Great contributions all, but the one for which he may be best remembered is originating the now-familiar "Lambeau Leap," a maneuver Butler first essayed on a frigid late-December afternoon in the Packers' second-last game of the 1993 season against the then-Los Angeles Raiders.
On that occasion, Butler forced a fumble by Raiders running back Randy Jordan on the Los Angeles 40-yard line. The loose ball was scooped up by teammate Reggie White, who lumbered 10 yards and lateraled to Butler, who raced 25 yards down the east sideline to the end zone, thus scoring the first touchdown of his pro career. Caught up in the emotion of the moment, LeRoy spontaneously lofted himself into the south end zone stands, thereby launching the first "Lambeau Leap" and what has become a colorful and entrenched Packers tradition.
A cornerback in his first two NFL seasons before being transferred to safety, Butler also has other talents, having entertained Packer loyalist by executing impromptu dance "routines" after making big plays, some of which have found their way into the team's highlight videos.
His fancy footwork provided a graphic illustration of how far Butler had come from an impoverished childhood in the Blodgett Homes Project of Jacksonville, which once found him wheelchair-bound. There was a time when dancing would have been impossible for him - because the bones in his feet were extremely weak, creating a misalignment which permitted him to walk only short distances and prevented him from running. For much of his childhood, his feet were in braces or casts, and there were periods when he was bound to a wheelchair. By the time he reached seventh grade, however, his feet had healed and he was on his way to Florida State and the NFL.
In addition to retiring with the club record for games-played by a defensive back the voluble ex-Seminole owns two other significant distinctions. He is the only player to have played for each of the Packers' last four head coaches - Lindy Infante, Mike Holmgren, Ray Rhodes and Mike Sherman.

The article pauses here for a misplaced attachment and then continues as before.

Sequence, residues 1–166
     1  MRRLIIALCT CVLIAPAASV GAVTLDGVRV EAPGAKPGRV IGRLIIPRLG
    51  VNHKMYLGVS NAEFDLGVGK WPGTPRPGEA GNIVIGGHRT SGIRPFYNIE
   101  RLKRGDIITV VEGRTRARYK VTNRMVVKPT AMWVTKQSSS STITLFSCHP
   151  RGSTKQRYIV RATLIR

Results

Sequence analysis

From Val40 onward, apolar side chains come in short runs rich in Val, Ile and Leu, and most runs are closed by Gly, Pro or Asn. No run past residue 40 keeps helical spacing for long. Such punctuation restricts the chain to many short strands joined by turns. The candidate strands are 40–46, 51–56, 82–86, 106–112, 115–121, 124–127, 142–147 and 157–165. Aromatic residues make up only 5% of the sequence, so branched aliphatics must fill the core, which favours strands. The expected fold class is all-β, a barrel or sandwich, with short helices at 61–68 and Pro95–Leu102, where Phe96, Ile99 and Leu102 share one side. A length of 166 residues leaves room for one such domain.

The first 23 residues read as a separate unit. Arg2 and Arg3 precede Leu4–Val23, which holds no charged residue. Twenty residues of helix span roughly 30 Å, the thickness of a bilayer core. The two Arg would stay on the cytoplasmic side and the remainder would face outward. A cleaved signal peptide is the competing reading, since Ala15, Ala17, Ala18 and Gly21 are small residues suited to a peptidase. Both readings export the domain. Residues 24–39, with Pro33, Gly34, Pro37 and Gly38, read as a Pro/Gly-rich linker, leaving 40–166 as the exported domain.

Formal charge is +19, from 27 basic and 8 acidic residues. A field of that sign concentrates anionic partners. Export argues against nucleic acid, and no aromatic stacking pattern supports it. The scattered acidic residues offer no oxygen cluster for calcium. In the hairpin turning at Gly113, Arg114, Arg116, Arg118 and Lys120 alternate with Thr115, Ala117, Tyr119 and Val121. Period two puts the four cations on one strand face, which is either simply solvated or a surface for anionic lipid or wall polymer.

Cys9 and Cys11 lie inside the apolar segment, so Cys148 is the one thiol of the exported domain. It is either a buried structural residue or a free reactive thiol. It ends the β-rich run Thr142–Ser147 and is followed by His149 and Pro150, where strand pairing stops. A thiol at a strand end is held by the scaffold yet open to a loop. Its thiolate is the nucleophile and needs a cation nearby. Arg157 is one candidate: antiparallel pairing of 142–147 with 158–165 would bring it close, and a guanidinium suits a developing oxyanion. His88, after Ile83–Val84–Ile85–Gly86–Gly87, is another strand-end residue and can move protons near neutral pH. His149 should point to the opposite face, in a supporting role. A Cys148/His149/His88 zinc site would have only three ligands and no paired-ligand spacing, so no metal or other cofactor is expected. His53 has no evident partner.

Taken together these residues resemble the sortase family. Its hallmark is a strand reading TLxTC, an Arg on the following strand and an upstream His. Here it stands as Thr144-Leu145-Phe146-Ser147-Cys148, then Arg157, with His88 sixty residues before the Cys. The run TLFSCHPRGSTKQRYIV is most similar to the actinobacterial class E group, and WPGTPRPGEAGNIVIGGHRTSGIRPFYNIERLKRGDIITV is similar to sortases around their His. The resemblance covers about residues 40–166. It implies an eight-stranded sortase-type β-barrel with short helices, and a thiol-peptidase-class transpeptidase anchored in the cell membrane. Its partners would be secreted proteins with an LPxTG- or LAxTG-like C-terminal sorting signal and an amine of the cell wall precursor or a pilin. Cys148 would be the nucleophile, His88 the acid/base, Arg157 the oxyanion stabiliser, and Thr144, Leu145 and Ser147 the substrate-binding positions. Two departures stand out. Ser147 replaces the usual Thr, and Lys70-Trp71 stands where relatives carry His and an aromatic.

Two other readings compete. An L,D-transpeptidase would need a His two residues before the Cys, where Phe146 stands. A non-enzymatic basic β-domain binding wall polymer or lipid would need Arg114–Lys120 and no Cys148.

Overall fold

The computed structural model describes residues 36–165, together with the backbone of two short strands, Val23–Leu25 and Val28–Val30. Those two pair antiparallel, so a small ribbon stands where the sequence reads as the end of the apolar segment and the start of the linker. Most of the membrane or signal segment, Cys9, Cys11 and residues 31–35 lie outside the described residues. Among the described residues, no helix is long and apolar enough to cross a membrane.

And, openly committed to being a "lifetime" Packer, Butler also was one of only seven NFL players to have played with the same team from 1990-2001 (Tim Brown and Steve Wisniewski, L.A. /Oakland Raiders; Darrell Green, Washington; Bruce Matthews, Houston/Tennessee; Junior Seau, San Diego; and Emmitt Smith, Dallas, were the others).
The Packers' second-round draft selection in 1990, the 48th player chosen, Butler had been a
starter ever since his second NFL season in 1991. Along the way, he has led or tied for the team lead in interceptions in five different seasons (1990-91, 1993, 1995), a feat surpassed in Green Bay history only by Bobby Dillon's seven times (1952-58) and equaled by Willie Wood's five years (1961-63, 1965, 1970).
A three-year starter as a collegian at Florida State (1987-89), he was a first-team All-America selection of AP, UPI and Walter Camp in his final collegiate season.
LeRoy, and his wife, Rhodesia, a former Florida State majorette, are the parents of three daughters, L'Oreal (born 10/8/93), Gabrielle (born 11/29/94) and Danielle (born 2/15/00). He also has a fourth daughter, Sharon (born 12/30/85).
1990 - Selected by Green Bay Packers in second round (48th overall) of '90 draft, April 22...Signed first contract, July 26.
1997 - Signed contract extension, Nov. 25.
2001 - Placed on injured reserve (broken shoulder blade), Nov. 19.
2002 - Announced retirement, July 18.